WordReference Random House Learner's Dictionary of American English © 2017
droop /drup/USA pronunciation   v. 
  1. to (cause to) sag, sink, or hang down, such as from exhaustion: [no object]The flowers drooped in the heat.[+ object]an eagle drooping its wings.
  2. to fall into a weakened or dispirited state;
    flag;
    fade:[no object]Our spirits drooped.

n. [countable]
  1. a sagging, sinking, bending, or hanging down, as from lack of support:The droop of her shoulders told me immediately how the test had gone.
droop•i•ness, n. [uncountable]
droop•y, adj.,  -i•er, -i•est :You look a little droopy; are you feeling OK?

WordReference Random House Unabridged Dictionary of American English © 2017
droop  (dro̅o̅p),USA pronunciation v.i. 
  1. to sag, sink, bend, or hang down, as from weakness, exhaustion, or lack of support.
  2. to fall into a state of physical weakness;
    flag;
    fail.
  3. to lose spirit or courage.
  4. to descend, as the sun;
    sink.

v.t. 
  1. to let sink or drop:an eagle drooping its wings.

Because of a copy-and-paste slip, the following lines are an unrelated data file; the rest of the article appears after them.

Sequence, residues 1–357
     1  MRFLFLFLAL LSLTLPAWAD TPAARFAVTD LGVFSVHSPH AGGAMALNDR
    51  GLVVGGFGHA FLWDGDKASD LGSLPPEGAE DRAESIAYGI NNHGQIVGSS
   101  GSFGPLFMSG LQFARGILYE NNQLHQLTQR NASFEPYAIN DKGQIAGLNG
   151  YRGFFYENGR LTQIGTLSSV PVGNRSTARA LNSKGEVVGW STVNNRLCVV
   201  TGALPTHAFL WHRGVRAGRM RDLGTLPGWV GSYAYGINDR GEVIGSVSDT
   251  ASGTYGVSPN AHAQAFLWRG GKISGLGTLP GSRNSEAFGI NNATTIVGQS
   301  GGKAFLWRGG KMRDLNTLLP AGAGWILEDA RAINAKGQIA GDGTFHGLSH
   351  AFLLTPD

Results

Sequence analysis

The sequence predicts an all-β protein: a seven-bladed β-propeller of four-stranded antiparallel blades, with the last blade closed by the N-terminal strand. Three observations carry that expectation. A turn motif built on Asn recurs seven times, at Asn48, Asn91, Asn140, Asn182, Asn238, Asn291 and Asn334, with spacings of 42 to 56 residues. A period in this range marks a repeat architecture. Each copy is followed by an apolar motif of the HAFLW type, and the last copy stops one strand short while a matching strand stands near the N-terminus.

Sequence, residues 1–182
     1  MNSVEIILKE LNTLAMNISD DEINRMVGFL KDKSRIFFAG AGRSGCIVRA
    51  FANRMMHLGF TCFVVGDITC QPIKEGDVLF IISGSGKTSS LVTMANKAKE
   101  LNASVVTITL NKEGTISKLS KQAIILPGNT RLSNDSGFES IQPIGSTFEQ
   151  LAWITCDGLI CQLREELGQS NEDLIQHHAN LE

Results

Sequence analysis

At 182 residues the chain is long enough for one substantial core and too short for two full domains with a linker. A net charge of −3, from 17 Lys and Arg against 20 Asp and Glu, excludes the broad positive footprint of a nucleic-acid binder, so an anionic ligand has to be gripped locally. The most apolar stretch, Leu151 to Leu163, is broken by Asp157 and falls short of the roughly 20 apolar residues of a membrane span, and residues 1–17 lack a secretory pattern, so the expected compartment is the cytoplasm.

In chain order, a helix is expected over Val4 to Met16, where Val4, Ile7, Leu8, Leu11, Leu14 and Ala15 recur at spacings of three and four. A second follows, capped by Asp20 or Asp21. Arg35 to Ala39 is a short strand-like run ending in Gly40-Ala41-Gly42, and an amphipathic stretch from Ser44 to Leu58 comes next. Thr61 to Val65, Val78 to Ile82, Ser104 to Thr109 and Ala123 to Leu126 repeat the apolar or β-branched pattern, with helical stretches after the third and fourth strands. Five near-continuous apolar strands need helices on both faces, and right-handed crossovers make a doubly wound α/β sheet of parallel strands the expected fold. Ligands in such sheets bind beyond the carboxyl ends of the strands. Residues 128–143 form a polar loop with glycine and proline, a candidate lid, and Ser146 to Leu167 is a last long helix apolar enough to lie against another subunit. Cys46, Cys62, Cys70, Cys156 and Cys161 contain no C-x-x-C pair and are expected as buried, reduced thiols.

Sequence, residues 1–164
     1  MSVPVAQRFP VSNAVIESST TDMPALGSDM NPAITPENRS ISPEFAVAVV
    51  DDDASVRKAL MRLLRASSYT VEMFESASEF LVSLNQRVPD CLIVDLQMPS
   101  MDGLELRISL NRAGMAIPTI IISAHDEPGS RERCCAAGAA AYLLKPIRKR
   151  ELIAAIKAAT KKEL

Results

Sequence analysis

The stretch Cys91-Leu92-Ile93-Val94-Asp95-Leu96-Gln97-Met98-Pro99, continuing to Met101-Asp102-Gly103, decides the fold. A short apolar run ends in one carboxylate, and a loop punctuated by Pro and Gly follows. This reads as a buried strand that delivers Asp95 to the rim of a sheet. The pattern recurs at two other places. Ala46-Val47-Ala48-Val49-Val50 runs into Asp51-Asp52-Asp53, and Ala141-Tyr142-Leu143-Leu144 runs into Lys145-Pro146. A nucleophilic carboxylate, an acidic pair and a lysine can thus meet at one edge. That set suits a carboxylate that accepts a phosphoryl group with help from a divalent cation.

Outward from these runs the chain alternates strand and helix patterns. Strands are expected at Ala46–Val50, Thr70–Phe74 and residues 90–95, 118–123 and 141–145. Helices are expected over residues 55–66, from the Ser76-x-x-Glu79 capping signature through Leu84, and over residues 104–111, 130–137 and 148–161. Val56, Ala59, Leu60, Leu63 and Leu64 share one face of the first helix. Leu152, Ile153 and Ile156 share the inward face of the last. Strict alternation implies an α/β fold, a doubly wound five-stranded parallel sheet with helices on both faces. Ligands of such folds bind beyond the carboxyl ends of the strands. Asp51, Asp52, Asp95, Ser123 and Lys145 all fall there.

n. 
  1. a sagging, sinking, bending, or hanging down, as from weakness, exhaustion, or lack of support.
drooping•ly, adv. 
  • Old Norse drūpa; akin to drop
  • Middle English drupen, drowpen 1300–50
    • 1.See corresponding entry in Unabridged flag, languish.
    • 2.See corresponding entry in Unabridged weaken, decline, faint, wilt, wither, fade.


Collins Concise English Dictionary © HarperCollins Publishers::

droop /druːp/ vb
  1. to sag or allow to sag, as from weakness or exhaustion; hang down; sink
  2. (intransitive) to be overcome by weariness; languish; flag
  3. (intransitive) to lose courage; become dejected
n
  1. the act or state of drooping
Etymology: 13th Century: from Old Norse drūpa; see drop

ˈdrooping adj



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